DIY Appliance: Repair TRIAC

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Repairing your own appliances today requires that you have a good understanding of electronics, especially solid-state electronics. Without a working knowledge of solid-state components, you are really limited as to what you can do. Almost all state of th

You need to know how solid-state components work and how to test them, otherwise you will be nothing more than what we use to refer to in the TV repair business back in the 1960s as a “Parts Changer.” A “Parts Changer” was a person who did not understand how the individual components in a circuit worked and how they worked together to perform a certain task, so what they did was to change one part after another until they found the one that was causing the problem. That was very time consuming for the technician and very costly for the customer. You are trying to save money by repairing your own appliances, so you do not want to be a “Parts Changer.”

One of the solid state components that you need to know about is the TRIAC. A TRIAC is actually a solid state relay found in most microwave ovens today and is used to control the voltage supplying the primary winding on the high-voltage transformer. The TRIAC may be mounted right on the PC Timer Board or may be mounted off the board as a separate component, either way it does the same thing, it acts as an on and off switch for the HV Transformer's primary winding. By controlling the current flowing in the primary, it controls the oven's cook time.

What do TRIACS look like?

The TRIACs used in microwave ovens, more often than not, will look like one of these in this picture.

On the microwave oven's schematic, it will appear as this schematic symbol.

If the TRIAC is part of the control board it will not show on the schematic as a discreet component. Very rarely will you find a schematic of the circuit board provided. Most schematic will simple show how the other component connect to the board. Not to worry. You will still be able to test the TRIAC and replace it if it is defective. It will be worth the time it will take to learn the testing procedure and the time it takes to perform the actual testing because it will save you money. A TRIAC will cost you about $10 whereas the complete controller board may cost you $100 or more to replace.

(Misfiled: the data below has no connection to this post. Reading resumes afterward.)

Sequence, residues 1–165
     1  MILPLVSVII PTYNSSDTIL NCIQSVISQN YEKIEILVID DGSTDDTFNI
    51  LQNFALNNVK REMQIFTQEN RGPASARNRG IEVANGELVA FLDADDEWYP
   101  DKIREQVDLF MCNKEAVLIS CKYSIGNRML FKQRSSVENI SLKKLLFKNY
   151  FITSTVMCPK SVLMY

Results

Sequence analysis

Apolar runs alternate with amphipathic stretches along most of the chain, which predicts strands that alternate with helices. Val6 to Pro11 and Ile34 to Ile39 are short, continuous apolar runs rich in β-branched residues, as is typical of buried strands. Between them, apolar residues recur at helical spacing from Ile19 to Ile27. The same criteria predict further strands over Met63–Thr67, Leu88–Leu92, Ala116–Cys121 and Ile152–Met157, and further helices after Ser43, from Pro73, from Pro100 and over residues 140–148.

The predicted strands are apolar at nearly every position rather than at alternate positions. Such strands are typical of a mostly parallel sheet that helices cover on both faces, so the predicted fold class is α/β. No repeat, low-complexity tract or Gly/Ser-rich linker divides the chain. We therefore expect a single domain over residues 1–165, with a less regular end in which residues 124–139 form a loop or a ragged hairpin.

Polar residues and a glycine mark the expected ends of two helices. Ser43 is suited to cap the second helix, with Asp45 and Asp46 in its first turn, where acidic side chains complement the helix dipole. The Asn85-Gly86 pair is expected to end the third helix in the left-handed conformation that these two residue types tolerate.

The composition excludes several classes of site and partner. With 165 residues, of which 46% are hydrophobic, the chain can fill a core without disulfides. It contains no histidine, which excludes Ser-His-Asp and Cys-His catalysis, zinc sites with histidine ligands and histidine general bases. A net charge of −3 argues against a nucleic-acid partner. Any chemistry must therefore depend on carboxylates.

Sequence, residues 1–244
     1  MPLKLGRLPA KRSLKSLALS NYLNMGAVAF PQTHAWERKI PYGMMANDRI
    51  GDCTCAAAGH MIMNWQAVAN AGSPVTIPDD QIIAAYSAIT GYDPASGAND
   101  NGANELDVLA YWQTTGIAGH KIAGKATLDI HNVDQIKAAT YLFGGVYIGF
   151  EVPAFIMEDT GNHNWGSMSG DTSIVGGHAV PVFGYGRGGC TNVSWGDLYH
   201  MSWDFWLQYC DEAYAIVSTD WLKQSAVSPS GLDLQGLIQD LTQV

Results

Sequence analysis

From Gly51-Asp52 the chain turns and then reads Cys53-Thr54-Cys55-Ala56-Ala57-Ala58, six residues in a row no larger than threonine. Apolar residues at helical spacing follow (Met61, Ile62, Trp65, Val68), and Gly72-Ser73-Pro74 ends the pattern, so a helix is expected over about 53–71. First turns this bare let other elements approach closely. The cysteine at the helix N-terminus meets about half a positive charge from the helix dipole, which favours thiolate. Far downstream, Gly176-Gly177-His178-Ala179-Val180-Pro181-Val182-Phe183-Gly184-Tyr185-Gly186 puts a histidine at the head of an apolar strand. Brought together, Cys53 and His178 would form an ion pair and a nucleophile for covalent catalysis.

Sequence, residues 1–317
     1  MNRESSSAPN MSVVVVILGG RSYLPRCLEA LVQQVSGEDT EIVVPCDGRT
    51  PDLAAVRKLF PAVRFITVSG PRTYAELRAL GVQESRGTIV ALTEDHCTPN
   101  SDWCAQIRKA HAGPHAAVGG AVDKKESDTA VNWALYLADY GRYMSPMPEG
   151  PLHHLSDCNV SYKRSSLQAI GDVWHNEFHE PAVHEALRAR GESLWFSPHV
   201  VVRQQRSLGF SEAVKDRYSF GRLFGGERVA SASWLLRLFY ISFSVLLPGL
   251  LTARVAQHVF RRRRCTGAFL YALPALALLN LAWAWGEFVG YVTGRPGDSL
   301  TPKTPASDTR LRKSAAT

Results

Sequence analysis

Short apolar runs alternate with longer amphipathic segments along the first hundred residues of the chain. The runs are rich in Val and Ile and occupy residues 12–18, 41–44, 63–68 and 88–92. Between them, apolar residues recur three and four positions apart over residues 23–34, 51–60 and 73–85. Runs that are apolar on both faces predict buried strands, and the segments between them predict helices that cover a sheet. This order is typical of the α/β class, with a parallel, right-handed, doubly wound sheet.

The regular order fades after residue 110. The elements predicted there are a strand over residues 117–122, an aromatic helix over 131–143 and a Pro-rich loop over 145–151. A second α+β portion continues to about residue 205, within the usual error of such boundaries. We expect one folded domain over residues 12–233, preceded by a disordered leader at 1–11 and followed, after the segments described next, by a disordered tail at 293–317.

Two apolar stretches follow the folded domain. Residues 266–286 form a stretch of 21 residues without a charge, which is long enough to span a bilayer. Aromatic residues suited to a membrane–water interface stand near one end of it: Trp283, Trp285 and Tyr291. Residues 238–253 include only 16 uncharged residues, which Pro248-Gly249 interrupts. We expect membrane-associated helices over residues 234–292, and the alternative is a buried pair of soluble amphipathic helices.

Tools and supplies to test and replace a TRIAC.

  • PC Board soldering iron

  • Vacuum Desoldering pump

  • Rosin Core solder

  • Digital Multimeter (DMM)

  • Nut-drivers

  • Screwdrivers

  • Long-nose pliers

  • High-voltage capacitor discharging tool/jig

  • Proper replacement TRIAC

Testing a Microwave Oven TRIAC.

  • Unplug the microwave oven and remove the wraparound cover.

  • Carefully discharge the HV Capacitor.

  • Make a sketch of the way the wires connect to the TRIAC before removing them.

  • Identify the TRIAC terminals. The terminals are usually marked—G (Gate), T1, and T2. They can also be identified by their physical size with the Gate being the smallest and T2 being the largest.

  • Set your DMM to the Ohms range if it is an auto-ranging meter, or to the R X 100 range if it is a manual ranging meter.

  • Take a reading between the gate terminal and T1. Reverse the meter probes and take a second reading between the Gate terminal and T1. If the TRIAC is a normal reading in both directions will be between 10 and 200 Ohms depending on the model TRIAC.

  • Now set your DMM to its highest scale and take readings between T1 and T2, T2 and Gate, and from each terminal to chassis ground. A good TRIAC will register infinite resistance in each of these tests. Infinite resistance will register as an “O.L.” on your DMMs LCD.

  • Any reading significantly different than these indicate a defective TRIAC and it should be replaced.


1 comment

Taylor Rios
Posted on Apr 23, 2012